Recovery is just as important as time spent getting stronger and more explosive. I utilize a handful of Hyperice products and work through various stretches at night to cool down. I also work with Stuart Love, a PT that travels to tournaments and helps keep my body moving smoothly without pain. The amount of miles we walk and swings that we make can add up and take a toll on the body, so having both a PT and modalities at night to reset the system is important when it comes to consistently being able to perform on the course at a high level.
How do you set goals for yourself within your golf game? What does that look like?
I think setting goals is an important part of attaining success in anything you do. For me, there are long, middle, and short term goals. Longer goals are oriented towards things I want to accomplish in my career as a whole. Some of those include playing for 15+ years on the PGA Tour, winning Majors, and playing on the Ryder cup for example. Mid-range goals would be more season long oriented goals such as win 5 Top 10s, Top 30 statistically for tee shots etc. Short term goals, for me, are those goals I want to accomplish in a week or even within that day. Those could be certain drills I want to complete for my golf game or the number of times I want to train during the week.
I think it’s really important to write all of these goals down and to track your progress. For my short term goals, I put together a simple spreadsheet that allows me to track specific golf drill goals and progress that I’m making in the gym.
What does success look like for you?
There are two ways I look at success. Yes, there are specific result oriented metrics that define successes like making the playoffs and winning this season. More importantly though, I try to focus on my process as a success metric. Success looks like sticking to practice drills, holding myself accountable to my practice plan each week and continuously checking in with the various goals I have set for myself.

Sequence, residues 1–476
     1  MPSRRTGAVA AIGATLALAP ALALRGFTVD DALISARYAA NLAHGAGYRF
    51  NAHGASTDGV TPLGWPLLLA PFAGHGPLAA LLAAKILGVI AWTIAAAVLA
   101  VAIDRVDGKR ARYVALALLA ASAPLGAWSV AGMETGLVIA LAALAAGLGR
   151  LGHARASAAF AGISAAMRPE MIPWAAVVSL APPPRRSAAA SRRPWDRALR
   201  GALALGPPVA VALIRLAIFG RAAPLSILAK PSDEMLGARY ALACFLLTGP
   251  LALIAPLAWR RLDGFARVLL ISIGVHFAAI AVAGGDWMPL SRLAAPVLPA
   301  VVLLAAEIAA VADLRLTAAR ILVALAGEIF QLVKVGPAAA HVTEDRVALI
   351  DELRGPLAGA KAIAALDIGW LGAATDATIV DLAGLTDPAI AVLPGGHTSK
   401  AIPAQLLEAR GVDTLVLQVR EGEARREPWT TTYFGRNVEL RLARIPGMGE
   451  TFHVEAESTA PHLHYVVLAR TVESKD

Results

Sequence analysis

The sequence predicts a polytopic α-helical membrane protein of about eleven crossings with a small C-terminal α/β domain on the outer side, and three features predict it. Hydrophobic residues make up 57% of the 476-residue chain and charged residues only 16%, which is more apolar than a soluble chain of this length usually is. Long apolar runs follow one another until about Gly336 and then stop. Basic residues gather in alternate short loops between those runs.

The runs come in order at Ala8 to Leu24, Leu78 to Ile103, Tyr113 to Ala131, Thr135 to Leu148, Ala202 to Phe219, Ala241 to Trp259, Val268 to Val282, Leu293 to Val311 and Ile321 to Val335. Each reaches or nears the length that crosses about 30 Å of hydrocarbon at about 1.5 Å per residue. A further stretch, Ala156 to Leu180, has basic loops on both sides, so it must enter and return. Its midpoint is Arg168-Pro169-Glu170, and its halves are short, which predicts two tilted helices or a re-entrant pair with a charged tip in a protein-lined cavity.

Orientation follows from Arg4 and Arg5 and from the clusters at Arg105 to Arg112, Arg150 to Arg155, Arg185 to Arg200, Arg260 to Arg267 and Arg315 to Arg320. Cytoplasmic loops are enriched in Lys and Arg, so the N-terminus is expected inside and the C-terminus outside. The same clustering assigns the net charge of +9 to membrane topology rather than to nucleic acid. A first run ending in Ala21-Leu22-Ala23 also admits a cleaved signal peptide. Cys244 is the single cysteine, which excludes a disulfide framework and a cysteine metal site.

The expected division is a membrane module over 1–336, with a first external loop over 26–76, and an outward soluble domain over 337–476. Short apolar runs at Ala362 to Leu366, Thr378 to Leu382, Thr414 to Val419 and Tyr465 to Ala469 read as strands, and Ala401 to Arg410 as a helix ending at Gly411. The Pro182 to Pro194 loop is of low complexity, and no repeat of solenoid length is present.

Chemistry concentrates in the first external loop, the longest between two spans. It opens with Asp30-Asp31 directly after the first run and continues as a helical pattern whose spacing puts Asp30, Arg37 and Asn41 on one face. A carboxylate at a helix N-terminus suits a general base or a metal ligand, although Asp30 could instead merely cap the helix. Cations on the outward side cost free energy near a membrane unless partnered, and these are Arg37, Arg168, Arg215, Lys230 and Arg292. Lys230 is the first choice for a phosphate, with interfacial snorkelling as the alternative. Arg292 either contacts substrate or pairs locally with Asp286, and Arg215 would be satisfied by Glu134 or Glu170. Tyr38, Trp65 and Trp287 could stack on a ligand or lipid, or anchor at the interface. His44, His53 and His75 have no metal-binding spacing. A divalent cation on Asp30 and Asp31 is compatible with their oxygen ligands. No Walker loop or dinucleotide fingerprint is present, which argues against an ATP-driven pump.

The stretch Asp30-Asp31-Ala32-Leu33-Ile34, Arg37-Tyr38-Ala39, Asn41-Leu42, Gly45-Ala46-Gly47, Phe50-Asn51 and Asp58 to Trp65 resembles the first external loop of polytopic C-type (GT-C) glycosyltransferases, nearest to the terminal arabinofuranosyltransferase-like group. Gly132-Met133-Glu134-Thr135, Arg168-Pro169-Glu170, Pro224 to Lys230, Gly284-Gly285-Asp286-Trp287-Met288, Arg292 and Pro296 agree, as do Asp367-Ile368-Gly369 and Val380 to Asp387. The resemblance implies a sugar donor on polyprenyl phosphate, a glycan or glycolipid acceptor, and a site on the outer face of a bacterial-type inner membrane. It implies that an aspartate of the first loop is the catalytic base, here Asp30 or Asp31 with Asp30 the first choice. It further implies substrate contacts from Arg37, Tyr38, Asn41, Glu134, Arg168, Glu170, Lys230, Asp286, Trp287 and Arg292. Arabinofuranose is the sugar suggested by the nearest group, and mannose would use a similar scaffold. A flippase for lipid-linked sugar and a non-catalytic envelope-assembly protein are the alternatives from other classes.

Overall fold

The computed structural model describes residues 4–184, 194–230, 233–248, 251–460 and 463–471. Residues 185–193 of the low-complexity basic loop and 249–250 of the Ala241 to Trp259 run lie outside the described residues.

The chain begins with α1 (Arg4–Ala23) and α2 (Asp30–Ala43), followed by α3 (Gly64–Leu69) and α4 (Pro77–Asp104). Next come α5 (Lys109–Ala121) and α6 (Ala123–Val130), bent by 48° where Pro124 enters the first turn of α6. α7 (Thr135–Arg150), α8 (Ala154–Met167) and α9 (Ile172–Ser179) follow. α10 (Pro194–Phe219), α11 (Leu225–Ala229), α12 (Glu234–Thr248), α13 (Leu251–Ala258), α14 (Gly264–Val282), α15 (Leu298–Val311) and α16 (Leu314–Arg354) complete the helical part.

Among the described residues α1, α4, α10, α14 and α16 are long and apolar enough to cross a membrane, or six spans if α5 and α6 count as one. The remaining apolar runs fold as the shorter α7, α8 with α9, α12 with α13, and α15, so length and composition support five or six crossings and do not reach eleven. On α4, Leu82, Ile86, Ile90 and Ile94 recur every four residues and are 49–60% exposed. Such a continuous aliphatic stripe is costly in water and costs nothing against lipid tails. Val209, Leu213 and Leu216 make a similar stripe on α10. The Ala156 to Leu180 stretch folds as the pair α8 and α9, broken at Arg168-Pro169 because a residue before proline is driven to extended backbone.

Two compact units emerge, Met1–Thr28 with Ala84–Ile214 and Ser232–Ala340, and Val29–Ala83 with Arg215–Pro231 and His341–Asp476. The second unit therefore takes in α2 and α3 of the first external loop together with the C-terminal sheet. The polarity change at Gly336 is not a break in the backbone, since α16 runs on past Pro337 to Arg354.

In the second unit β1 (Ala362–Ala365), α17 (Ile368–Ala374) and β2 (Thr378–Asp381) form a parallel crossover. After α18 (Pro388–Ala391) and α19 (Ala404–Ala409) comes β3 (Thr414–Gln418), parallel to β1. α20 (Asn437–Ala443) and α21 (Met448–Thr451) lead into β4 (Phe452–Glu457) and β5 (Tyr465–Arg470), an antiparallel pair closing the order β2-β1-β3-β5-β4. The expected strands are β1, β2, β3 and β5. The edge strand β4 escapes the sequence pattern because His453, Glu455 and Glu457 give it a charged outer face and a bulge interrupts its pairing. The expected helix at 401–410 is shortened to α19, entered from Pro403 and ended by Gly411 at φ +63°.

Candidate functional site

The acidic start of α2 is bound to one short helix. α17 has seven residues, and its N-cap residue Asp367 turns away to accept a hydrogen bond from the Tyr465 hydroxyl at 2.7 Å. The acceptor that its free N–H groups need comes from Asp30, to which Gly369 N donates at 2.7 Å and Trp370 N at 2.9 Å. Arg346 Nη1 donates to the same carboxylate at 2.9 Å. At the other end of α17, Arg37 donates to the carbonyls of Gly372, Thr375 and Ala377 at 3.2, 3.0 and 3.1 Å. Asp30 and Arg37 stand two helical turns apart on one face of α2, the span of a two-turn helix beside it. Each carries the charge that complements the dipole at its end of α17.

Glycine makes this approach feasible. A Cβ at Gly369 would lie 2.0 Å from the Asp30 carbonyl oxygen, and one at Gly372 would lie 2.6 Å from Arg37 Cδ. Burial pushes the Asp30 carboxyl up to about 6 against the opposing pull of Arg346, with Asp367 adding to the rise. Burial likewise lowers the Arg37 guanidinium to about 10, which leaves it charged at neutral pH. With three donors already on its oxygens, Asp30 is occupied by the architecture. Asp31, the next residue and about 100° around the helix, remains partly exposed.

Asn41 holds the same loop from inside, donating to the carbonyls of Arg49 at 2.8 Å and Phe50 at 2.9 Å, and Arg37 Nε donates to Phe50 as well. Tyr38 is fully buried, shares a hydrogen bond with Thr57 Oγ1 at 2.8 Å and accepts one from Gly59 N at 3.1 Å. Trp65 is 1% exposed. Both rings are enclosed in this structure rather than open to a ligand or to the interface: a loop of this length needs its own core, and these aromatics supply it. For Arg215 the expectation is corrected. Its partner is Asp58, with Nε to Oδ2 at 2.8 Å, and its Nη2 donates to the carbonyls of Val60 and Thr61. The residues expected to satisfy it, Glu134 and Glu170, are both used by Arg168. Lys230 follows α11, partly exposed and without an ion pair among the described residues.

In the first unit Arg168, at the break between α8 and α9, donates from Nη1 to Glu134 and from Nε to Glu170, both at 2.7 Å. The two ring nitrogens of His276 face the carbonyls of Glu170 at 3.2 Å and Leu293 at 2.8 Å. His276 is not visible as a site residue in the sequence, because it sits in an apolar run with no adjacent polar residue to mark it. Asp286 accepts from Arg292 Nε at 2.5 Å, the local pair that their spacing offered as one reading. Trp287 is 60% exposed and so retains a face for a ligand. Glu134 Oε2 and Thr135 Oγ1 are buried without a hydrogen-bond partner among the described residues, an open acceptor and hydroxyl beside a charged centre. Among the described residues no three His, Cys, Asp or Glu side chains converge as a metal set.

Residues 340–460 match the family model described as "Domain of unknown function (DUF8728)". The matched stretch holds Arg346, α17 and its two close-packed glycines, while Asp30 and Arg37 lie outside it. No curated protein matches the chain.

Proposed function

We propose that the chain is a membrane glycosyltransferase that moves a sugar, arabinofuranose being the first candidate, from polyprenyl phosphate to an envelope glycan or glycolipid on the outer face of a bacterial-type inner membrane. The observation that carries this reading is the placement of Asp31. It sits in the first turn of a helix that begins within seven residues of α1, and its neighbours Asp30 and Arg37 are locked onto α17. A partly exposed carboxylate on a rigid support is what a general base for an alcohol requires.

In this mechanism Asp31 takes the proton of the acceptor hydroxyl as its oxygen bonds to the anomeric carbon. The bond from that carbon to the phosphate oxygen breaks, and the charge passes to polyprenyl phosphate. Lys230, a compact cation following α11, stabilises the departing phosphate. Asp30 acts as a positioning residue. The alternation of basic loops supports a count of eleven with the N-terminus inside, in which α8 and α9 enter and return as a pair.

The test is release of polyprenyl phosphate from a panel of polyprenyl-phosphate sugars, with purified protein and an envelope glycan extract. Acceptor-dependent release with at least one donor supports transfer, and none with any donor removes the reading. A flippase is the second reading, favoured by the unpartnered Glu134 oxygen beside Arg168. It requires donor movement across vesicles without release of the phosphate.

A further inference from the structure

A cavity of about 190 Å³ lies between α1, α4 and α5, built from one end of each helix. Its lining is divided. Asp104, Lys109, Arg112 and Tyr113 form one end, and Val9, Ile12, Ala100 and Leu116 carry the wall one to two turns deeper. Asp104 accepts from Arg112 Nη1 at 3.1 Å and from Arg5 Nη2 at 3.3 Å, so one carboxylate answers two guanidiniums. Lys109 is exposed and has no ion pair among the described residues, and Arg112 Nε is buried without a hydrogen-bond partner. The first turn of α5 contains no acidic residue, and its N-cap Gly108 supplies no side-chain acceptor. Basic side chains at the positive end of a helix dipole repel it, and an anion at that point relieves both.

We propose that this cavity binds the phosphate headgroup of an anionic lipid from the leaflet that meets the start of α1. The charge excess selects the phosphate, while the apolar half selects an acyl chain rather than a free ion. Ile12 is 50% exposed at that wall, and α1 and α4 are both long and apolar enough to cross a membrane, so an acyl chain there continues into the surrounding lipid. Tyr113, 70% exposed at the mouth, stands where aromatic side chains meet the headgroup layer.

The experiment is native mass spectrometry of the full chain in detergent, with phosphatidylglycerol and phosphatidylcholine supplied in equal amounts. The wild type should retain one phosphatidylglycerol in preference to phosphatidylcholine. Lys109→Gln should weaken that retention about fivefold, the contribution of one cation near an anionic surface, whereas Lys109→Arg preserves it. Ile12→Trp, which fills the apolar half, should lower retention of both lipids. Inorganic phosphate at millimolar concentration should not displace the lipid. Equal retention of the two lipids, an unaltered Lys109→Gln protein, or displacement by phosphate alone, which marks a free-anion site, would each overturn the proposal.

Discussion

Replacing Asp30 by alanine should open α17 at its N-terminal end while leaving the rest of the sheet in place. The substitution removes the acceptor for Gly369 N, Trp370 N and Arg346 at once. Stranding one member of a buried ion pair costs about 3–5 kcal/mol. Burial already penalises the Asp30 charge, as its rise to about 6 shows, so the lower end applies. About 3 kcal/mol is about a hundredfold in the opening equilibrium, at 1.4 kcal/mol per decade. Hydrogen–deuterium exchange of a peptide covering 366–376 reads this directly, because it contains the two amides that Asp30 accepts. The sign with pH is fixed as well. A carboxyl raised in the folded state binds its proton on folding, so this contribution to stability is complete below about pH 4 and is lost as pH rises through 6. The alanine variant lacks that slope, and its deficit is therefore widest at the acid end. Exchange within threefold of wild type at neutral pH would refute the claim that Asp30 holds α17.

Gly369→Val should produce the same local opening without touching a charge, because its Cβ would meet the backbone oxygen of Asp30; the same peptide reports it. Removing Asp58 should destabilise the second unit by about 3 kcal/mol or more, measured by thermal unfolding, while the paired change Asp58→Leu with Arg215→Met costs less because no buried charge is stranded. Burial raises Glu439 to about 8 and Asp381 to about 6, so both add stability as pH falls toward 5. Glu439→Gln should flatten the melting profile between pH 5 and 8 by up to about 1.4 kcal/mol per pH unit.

Can you talk a bit about how you navigate fatherhood and being a husband while also maintaining a career as a professional athlete?
Becoming a father has been the best experience of my life. It certainly puts things into perspective and makes me realize that there are much more important things in life outside of my golf shots. Having said that, I think communication and time management are critical to balancing my work with my home life. Having really open communication with my wife, Jay, on what I need to accomplish for the week and on a specific day have been key to finding that balance. She is so good about encouraging me when I need to put the hours into my golf game, whether that’s on the course or in the gym. There’s a lot that goes into this job and this lifestyle, and I know I’ve got a rock solid support system. The best part of it all is when I can tap in and put my favorite hat on–my Dad hat.
Can we get some insight into what a day-in-the-life might look like when you’re not focused on golf?
At the moment, when I’m off the golf course, I am fully diving into being a goofy, fun Dad. I try to wake up early in the morning before Hunter wakes up so I can do some mindfulness and a workout. I love going to the park and taking Hunter on Daddy/daughter dates. It’s always a priority finding special moments with my wife Jay who is pregnant with our second girl. She keeps me laughing nonstop and is a daily reminder how there is so much life off the golf course. Exploring Charlotte as a family and making new friends has been a highlight. When I get back from tournaments we always have a list of home projects we try to tackle…emphasis on “try”. Now that I have my own family, I have loved being fully present at home when I have a week off and soaking up all the hilarious moments that seem to happen every day with little kids. I’m a lucky guy!
Innisbrook Resort is located just outside of Tampa on Florida’s beautiful Gulf Coast. Tampa International Airport is top-rated and only 35 minutes from the resort gates. With 900 acres of property that resembles a Carolina terrain, Innisbrook embodies the area itself–stunning, relaxing and naturally beautiful. The resort offers four incredible golf courses, including the Copperhead Course, where champions gather to play in the PGA TOUR's Valspar Championship every March. Accommodations are spacious condo-style suites, and you never need to leave the resort for anything you might need with 4 restaurants including the very popular Packard’s Steakhouse, 6 pools, fitness center, waterslides, tennis on 11 clay courts, biking, the beautiful Salamander Spa and so much more. The resort is the perfect getaway location for golfers, couples, and family travel. A year-round Golf School is also an option.